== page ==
For Families In Panic Or Calm, Dealing With Kids Sick Or Well

Failing at Motherhood

Most “failures” in life turn out not to matter. They cause momentary embarrassment or disappointment but in the grand scheme of things fade surprisingly quickly and often turn out to be blessings in disguise-  they lead on to better things.

In old age, the time of reflection, true failures and successes are more obvious and for many women being a success as a mother matters most. Many of us consider ourselves to have made mistakes, got some of it right and even with the phrase “we’ve done our best” it was not good enough. We’re not trained for motherhood, and neither are our children who ultimately become the judge and manifestation of our success or failure. It is however a partnership.

Designer babies don’t exist even when the odds on sex, hair colour or sporting ability may now be selected. Children and circumstances are mainly a lottery and the hand we are dealt is happenchance. Nature is clever and we love our babies unconditionally when they arrive and promise ourselves that we will do our best to nurture and protect them come what may.

Each mother and baby are unique and present an ever changing dynamic. The psychologists tell us that even children from the same family present different reactions and consequences. Thus those born “Special”, needing more attention, energy or love than the majority, present challenges most of us wish not or cannot imagine.

Those mums with sick or disabled children are dealt a heavy hand. It seems society does not want to involve themselves with other than perfect children, incase the malady rubs off on their own. Which is an illogical yet instinctive response. Disability however described is considered taboo- a dark secret before either the mother and child have begun the journey.  (I include Dads who take on the role of mother in this instance because some have excellent nurturing instincts too).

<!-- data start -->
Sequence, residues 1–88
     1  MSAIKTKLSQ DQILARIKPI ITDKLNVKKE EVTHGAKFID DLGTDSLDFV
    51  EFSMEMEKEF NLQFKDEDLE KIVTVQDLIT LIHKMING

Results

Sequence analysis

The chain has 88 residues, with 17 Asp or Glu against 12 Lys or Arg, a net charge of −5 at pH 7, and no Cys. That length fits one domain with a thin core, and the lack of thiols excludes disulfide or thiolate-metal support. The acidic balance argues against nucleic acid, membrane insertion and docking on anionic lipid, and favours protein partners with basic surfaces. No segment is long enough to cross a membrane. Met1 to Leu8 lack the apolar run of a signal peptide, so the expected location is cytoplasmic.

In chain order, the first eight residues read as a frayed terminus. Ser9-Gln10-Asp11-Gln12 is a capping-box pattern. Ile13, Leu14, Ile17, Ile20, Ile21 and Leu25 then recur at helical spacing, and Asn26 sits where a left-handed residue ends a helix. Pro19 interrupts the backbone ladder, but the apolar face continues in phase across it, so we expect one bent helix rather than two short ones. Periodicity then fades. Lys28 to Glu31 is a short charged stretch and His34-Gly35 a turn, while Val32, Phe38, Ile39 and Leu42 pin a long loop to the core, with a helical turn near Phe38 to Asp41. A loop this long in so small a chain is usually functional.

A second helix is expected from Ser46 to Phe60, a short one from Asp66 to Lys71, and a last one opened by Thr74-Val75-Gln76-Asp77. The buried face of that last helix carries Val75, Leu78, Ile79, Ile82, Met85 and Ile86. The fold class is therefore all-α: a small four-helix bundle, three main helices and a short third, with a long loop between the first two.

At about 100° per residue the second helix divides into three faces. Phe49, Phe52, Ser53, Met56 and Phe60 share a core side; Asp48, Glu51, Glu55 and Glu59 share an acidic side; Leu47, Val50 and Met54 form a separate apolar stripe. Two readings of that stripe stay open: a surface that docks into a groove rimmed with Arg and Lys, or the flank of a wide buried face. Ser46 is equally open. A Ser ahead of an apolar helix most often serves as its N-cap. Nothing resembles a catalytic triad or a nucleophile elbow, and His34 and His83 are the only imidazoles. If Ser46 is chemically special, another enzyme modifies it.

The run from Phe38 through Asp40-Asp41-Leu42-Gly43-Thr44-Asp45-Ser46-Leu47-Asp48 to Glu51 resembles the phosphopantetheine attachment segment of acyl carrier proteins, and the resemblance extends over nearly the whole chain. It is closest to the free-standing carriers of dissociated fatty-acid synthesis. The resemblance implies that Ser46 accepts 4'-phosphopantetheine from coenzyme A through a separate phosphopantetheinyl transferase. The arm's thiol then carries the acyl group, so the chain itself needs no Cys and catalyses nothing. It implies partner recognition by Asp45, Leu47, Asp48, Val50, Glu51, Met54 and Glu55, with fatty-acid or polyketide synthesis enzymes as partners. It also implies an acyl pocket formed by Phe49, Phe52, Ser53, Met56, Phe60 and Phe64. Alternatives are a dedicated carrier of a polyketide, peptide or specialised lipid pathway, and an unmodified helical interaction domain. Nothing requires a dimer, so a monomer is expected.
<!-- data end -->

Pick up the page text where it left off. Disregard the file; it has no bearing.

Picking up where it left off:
All mothers want to be good mothers and there is a wealth of advice, too much in fact – enough to always prove you’re wrong. For most of us, the well meant advice is enough to give us feelings of misgiving. Only the super self confident overcome this feeling of inadequacy.

As old age creeps up on me the idea of what’s important in life changes and with it my idea of failure.

As a grandmother I reflect on the patterns of my behaviour. Although living in the moment, I can mull over past events without any need to change them. I see the snowball effect of the paths I chose.

Such a simple event as the trauma of a stillbirth at the age of 21 still has its memories for me despite being buried by time and common sense.

We can seldom do much about the big failures in our life because they are out of our control.  I did not become the ballet dancer I trained to be, my husband left me, I never wrote that book, I failed an interview…Yes we can work on self development exercises but it’s the ordinary everyday failures of things that we took for granted – that other people seem to find easy or outwardly overcome – that eat into our self esteem.

These failures reinforce our belief system and gather like flotsam in the wind. Before you know it you are a terrible cook, no good with children especially other people’s kids, no good at organising anything because it’s bound to go wrong.
Why do we buy into the myths of today that a perfect mum or child exists?

Mothers feel guilty all the time because we are surrounded by media telling us “ how to be a perfect mother” or about super mums who work in high powered jobs while looking after kids, cleaning the house, shopping and cooking nutritious food for all.
NO THEY DON’T it’s mission impossible except with loads of help.

Most of us have to muddle through as best we can and remain calm and sweet tempered. And for most it’s a 24/7 role with no sick leave.